The Community Housing Fund has been a great boost to schemes up and down the country, but it has had something of a chequered history, and, at the time of writing, it has an uncertain future.
“We will support community housing” said the Conservative Party manifesto back in 2019 and since being returned to office the Government has supported community (led) housing in a variety of ways, but for most of England, outside London, the Community Housing Fund (CHF) closed just a year later, in December 2020.
The CHF was first announced in the Spring 2016 budget by the then chancellor. On 16th March 2016 the Rt Hon George Osborne told the House of Commons “We’re going to … support community housing trusts, including £20 million to help young families onto the housing ladder in the South West of England”
In 2016-17, £60m was distributed to 148 councils to support community led housing, largely based on the recorded prevalence of second homes, so most of the housing authorities (mostly District Councils) in the South West benefited, but not all of them. For some, perhaps most, local housing authorities it came as a bit of a shock, since they didn’t need to bid for it, with the first tranche of actual cash being paid over just before Christmas with the expectation that it would be deployed before the end of the financial year! Most rose to the challenge and swiftly put plans into place.
Following this, the community led housing sector worked with the relevant Government Department (then called the Ministry of Housing, Communities and Local Government or MHCLG) to establish a more structured programme which launched in the summer of 2018. This iteration of the CHF was a huge success. It increased the potential pipeline of homes from 5,810 to over 23,000. It also developed the network of some 25 community led housing hubs covering most of England, the hub for Dorset and Somerset now being hosted by Middlemarch. Over 120 advisers completed accredited training (recognised by the Chartered Institute of Housing), including all of us at Middlemarch.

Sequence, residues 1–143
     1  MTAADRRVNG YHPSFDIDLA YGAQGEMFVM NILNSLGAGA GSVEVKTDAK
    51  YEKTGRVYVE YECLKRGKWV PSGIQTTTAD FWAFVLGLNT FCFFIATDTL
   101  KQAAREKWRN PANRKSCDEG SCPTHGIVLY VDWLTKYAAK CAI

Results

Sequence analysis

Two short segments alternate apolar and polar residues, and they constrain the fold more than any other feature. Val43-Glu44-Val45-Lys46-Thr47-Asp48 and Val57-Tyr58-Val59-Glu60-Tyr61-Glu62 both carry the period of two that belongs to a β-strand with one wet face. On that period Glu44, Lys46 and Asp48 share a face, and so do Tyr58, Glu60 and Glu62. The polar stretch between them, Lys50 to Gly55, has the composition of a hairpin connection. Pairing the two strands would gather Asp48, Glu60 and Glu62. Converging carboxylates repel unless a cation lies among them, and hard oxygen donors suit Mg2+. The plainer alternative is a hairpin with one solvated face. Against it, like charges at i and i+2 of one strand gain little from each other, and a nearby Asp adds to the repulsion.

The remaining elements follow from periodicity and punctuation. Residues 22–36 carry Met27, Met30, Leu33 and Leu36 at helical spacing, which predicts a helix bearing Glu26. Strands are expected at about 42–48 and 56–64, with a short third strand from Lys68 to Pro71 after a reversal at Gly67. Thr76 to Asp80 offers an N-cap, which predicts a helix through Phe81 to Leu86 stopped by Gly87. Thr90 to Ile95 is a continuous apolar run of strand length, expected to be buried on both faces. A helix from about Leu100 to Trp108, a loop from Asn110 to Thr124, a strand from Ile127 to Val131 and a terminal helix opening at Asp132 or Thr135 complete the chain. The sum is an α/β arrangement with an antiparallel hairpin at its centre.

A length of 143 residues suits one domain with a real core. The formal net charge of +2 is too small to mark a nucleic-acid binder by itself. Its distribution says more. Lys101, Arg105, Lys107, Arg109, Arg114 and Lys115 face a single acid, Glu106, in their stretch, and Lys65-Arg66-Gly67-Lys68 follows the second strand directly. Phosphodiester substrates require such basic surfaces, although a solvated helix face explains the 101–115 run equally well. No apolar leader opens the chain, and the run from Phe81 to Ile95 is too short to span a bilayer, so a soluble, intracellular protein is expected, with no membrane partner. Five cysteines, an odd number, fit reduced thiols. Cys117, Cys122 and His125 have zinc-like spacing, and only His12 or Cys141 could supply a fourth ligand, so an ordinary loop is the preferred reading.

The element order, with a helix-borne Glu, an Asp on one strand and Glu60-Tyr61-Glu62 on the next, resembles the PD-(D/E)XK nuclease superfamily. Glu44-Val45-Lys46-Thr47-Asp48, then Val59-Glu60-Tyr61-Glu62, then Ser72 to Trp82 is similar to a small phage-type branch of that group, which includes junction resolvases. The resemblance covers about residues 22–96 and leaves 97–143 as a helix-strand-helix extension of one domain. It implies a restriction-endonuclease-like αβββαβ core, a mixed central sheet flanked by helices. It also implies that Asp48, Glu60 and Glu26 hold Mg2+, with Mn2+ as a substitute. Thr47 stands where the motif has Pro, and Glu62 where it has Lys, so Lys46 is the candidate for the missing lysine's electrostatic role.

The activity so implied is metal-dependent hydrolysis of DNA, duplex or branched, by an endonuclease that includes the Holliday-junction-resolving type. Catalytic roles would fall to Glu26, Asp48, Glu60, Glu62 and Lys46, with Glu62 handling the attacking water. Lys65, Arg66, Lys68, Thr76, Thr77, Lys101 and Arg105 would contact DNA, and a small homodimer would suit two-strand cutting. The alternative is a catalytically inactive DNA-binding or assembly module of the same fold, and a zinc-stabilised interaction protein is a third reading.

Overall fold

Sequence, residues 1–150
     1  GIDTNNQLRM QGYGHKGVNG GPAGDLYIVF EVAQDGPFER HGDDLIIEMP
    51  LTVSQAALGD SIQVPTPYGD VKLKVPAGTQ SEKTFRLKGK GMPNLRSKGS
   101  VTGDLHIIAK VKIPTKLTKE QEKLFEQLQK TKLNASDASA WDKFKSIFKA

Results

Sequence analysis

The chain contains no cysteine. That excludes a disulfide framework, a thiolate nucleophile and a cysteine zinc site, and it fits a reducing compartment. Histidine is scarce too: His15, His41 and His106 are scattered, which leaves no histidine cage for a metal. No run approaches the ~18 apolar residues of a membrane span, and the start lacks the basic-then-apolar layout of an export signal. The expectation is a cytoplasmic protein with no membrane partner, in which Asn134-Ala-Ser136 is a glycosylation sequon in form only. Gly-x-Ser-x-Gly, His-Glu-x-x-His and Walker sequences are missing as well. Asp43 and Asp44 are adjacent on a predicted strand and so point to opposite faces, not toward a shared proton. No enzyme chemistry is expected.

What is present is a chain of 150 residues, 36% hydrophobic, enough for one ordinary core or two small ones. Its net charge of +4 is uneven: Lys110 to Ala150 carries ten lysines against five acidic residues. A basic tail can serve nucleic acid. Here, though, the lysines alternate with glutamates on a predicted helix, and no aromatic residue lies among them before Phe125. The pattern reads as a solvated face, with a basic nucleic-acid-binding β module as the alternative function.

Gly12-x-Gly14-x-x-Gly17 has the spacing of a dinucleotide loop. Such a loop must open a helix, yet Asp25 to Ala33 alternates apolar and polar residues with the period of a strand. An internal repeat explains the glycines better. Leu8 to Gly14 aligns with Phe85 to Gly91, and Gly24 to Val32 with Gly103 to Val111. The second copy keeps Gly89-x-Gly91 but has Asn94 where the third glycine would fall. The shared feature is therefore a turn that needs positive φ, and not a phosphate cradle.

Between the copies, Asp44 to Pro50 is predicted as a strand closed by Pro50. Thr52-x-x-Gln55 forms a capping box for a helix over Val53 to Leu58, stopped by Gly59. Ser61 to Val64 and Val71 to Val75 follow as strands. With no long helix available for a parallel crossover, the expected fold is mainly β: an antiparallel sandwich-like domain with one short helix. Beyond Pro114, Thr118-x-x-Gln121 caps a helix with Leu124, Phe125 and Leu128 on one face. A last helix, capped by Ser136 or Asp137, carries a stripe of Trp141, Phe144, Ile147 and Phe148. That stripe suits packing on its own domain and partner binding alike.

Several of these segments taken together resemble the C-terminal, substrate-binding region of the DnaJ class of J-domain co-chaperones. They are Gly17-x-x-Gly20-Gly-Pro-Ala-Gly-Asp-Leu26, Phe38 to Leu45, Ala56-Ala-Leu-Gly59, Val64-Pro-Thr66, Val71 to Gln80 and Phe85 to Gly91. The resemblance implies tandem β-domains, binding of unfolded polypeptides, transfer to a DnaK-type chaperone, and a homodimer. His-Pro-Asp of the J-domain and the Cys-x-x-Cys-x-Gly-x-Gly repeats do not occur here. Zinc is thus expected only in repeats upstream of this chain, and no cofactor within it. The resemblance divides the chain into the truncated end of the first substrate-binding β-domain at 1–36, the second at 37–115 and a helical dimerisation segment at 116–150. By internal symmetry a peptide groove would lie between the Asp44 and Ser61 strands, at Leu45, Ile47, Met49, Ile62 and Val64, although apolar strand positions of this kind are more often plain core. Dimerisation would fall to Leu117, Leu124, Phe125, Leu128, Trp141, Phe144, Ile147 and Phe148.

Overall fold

Over half the local authorities in England now have either policies or dedicated officers (in some cases both!) to support community led housing. While the fund remains open in London (until the end of March 2023), it closed for the rest of England after only 18 months.
However, a further £4m was made available for groups with advanced projects in 2021-22, but with only five months for them to bid and take up any award of grant the scope of that round of funding was inevitably narrower than previously had been the case.
We all expected a revived fund to be announced in the autumn budget last year. All the signs were there. The Government had continued to pledge support for community led housing schemes and acknowledged the added value demonstrated.